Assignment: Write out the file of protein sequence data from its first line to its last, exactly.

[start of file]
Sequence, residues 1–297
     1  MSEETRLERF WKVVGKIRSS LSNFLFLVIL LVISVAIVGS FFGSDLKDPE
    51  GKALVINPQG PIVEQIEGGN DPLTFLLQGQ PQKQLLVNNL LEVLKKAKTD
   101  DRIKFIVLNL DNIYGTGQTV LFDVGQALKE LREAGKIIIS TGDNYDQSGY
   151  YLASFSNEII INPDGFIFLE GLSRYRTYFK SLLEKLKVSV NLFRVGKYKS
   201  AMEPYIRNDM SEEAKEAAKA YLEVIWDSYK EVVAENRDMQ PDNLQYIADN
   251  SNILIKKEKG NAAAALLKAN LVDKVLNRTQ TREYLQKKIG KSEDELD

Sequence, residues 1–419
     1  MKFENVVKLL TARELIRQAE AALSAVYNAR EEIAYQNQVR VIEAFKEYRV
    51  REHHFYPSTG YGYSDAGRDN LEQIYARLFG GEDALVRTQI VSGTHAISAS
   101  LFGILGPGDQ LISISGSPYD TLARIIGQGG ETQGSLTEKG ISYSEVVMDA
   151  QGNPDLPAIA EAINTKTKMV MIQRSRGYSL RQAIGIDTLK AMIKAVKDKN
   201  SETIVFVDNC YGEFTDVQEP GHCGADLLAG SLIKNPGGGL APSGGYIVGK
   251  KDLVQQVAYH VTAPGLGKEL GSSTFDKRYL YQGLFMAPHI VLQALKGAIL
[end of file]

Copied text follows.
Sequence, residues 1–297
     1  MSEETRLERF WKVVGKIRSS LSNFLFLVIL LVISVAIVGS FFGSDLKDPE
    51  GKALVINPQG PIVEQIEGGN DPLTFLLQGQ PQKQLLVNNL LEVLKKAKTD
   101  DRIKFIVLNL DNIYGTGQTV LFDVGQALKE LREAGKIIIS TGDNYDQSGY
   151  YLASFSNEII INPDGFIFLE GLSRYRTYFK SLLEKLKVSV NLFRVGKYKS
   201  AMEPYIRNDM SEEAKEAAKA YLEVIWDSYK EVVAENRDMQ PDNLQYIADN
   251  SNILIKKEKG NAAAALLKAN LVDKVLNRTQ TREYLQKKIG KSEDELD

Sequence, residues 1–419
     1  MKFENVVKLL TARELIRQAE AALSAVYNAR EEIAYQNQVR VIEAFKEYRV
    51  REHHFYPSTG YGYSDAGRDN LEQIYARLFG GEDALVRTQI VSGTHAISAS
   101  LFGILGPGDQ LISISGSPYD TLARIIGQGG ETQGSLTEKG ISYSEVVMDA
   151  QGNPDLPAIA EAINTKTKMV MIQRSRGYSL RQAIGIDTLK AMIKAVKDKN
   201  SETIVFVDNC YGEFTDVQEP GHCGADLLAG SLIKNPGGGL APSGGYIVGK
   251  KDLVQQVAYH VTAPGLGKEL GSSTFDKRYL YQGLFMAPHI VLQALKGAIL